Helmut Newton worked not only for fashion magazines and fashion designers. He also nurtured an interest in offbeat subjects, paparazzi pictures, police photography, and crime stories. In short, for “yellow journalism,” a mix of tabloid press and articles from the “Miscellaneous” section of daily newspapers. The eponymous exhibition “Yellow Press,” which was compiled and first presented by the photographer himself in 2002 at his former gallery in Zürich, is an eclectic mix culled from works realized between 1973 and 2002. It includes several photo series that were never previously published in Newton’s books, for example his series “Self-Appropriation,” a nude series about “Lolita” for Playboy Magazine, and a documentation of court proceedings in Monaco that he shot for Paris Match.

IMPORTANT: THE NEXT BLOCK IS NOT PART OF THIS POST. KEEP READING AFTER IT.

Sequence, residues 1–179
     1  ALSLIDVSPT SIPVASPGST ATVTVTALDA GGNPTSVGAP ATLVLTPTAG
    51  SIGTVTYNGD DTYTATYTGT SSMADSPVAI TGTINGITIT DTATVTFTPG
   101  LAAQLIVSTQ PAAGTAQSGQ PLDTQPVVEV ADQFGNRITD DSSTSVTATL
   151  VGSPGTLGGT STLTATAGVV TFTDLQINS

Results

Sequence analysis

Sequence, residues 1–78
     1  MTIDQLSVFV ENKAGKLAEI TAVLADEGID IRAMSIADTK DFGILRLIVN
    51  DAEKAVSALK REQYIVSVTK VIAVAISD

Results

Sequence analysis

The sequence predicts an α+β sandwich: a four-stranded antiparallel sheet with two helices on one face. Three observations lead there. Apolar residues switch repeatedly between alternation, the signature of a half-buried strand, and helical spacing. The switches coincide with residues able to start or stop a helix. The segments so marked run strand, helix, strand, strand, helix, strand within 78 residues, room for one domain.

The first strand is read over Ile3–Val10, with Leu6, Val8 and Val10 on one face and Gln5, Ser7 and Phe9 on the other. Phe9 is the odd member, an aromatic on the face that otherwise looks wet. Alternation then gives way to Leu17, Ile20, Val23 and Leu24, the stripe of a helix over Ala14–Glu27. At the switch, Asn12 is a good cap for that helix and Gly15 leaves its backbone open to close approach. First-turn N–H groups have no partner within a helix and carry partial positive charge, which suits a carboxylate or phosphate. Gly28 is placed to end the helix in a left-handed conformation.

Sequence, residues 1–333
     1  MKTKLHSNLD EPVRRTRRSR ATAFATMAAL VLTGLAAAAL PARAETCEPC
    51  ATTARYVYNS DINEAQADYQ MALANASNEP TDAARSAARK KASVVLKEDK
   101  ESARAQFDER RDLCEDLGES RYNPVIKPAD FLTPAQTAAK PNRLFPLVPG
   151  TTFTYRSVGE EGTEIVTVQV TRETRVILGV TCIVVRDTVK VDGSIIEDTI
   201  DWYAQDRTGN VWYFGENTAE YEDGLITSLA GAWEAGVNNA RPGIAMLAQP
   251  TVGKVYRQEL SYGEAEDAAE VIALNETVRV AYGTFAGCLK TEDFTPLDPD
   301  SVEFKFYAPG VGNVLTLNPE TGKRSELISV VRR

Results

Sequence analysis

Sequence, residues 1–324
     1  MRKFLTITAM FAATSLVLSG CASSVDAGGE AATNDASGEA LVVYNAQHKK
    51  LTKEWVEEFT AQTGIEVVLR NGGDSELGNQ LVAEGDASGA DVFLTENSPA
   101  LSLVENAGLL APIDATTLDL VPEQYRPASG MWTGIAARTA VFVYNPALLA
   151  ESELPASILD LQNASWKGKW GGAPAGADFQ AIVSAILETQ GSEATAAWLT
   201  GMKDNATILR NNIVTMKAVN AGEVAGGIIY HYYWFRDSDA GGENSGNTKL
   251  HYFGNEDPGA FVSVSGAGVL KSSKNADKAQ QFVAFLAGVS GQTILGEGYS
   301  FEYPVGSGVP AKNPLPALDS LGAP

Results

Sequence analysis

The enigmatic, 18-part black & white series “The Woman on Level 4” is, however, about a young woman that Newton photographed in a small, windowless room. She is nude, at times, or wearing a semi-transparent bra with her eyes covered over, posed holding a gun, or clad in a dark leather jacket. Taken together, the series is a kind of a visual detective story, without a beginning or end. Many of the motifs we encounter here would not customarily be associated with Helmut Newton, allowing them all the more to enrich the general image we have of Newton and his work. Because these images comprise the last series that was selected by the photographer himself, “Yellow Press” is tantamount to a kind of legacy. Newton’s short promotional film for the Italian zipper manufacturer Lanfranchi from the 1980s can also be seen, along with Polaroids that Newton took of this film being shown on a monitor, as a form of appropriating his own work. Together, the film and the Polaroid images paraphrase a sadomasochistic fantasy.